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Attorney General Fitch gets more time to serve People’s Republic of China

JACKSON, Miss. (WLBT) – If you sue China, don’t bother mailing the service process.

Mississippi Attorney General Lynn Fitch recently learned the hard way that the government would reject it.

About a year after filing suit against the nation of more than a billion people, Fitch has been given more time to serve process, after the Chinese government rejected Hague Service Convention articles to have the process mailed.

She said the process will now have to be served through diplomatic channels.

Fitch filed for a time extension on April 30. The extension was granted by District Judge Taylor McNeel the same day.

According to the order, the state has been given an additional 180 days to serve process to the defendants, including the People’s Republic of China, the Communist Party of China, the National Health Commission of China, Wuhan Institute of Virology, and others.

“Because the People’s Republic of China has objected to articles of the Hague … that allows for service by mail, Hague procedures must be directly followed by diplomatic channels,” an attorney with Fitch’s office wrote in their motion.

The motion goes on to state that Fitch’s office has brought on an international litigation support firm to assist in the process, and that the process may take another year to complete.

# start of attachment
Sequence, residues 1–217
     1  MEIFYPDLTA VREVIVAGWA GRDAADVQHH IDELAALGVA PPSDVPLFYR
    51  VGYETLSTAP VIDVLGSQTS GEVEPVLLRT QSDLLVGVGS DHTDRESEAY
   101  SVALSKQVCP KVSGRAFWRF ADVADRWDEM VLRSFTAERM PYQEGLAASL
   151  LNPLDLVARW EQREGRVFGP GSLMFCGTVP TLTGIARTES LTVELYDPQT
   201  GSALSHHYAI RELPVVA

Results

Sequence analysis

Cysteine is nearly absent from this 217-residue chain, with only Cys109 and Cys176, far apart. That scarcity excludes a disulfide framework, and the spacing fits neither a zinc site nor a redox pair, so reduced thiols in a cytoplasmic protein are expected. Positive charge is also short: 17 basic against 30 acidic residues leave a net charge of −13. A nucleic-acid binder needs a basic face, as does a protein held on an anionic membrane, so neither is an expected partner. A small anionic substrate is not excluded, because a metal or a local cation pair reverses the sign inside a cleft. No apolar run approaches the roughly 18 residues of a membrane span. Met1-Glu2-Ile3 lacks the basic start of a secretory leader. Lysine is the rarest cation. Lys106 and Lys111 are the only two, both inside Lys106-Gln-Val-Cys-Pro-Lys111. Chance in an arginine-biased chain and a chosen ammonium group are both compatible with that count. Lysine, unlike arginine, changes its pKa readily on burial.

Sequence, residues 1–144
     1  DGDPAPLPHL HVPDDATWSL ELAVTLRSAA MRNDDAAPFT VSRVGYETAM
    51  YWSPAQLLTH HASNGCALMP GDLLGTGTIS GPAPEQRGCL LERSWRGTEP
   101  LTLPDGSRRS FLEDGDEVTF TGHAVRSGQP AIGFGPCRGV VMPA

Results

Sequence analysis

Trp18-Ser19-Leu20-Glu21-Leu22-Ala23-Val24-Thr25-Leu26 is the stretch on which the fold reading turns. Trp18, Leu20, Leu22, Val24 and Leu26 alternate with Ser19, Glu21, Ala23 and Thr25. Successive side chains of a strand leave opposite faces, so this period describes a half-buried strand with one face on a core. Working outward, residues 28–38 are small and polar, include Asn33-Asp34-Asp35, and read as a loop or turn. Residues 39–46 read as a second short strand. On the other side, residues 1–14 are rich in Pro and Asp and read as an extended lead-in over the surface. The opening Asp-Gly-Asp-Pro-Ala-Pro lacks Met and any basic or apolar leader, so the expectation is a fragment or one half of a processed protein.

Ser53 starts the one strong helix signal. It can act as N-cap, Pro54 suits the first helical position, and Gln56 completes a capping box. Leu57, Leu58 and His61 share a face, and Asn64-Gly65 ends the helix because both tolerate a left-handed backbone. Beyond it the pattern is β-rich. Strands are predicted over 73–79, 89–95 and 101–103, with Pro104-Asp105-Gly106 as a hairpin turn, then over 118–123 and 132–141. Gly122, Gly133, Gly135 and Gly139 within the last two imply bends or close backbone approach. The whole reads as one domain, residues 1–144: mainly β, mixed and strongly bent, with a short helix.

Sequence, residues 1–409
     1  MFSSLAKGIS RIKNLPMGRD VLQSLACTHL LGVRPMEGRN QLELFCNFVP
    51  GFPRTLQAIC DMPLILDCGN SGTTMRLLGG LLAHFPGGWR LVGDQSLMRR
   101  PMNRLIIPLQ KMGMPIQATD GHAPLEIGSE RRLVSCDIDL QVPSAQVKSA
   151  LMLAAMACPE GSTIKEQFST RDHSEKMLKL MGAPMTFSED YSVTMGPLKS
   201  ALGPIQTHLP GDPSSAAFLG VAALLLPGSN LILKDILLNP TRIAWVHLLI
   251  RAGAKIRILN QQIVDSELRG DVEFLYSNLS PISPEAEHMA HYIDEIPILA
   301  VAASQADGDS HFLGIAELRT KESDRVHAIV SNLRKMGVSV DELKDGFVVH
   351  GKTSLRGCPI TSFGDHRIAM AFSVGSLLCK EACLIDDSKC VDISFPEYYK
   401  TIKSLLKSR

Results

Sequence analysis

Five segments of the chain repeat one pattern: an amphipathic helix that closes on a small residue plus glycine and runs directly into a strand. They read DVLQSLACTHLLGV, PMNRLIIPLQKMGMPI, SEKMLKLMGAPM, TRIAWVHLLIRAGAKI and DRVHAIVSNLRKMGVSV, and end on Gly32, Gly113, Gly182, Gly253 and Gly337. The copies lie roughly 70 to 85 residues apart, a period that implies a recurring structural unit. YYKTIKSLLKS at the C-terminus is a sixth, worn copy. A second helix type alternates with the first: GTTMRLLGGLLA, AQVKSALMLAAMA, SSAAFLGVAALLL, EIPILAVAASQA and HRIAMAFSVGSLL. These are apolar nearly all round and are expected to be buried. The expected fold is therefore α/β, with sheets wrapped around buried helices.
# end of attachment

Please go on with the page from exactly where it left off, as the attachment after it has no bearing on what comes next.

Fitch filed suit last spring, citing the “enormous loss of life, human suffering and economic turmoil experienced by all Mississippians from the COVID-19 pandemic.”

The case was filed in the U.S. District Court for the Southern District of Mississippi.

The state’s suit alleges that the Chinese government allowed the virus to spread and then attempted to cover it up after the outbreak began.

In November, Fitch asked for additional time to serve Chinese officials, citing the international nature of the case and the need to handle other COVID-19 matters locally.

The Hague is located in the Netherlands and was established in 1964 to serve international process, according to the American Bar Association.

The procedure for serving process via the Hague was expected to take 16 weeks.

Officials with Fitch’s office were not available for comment after hours.

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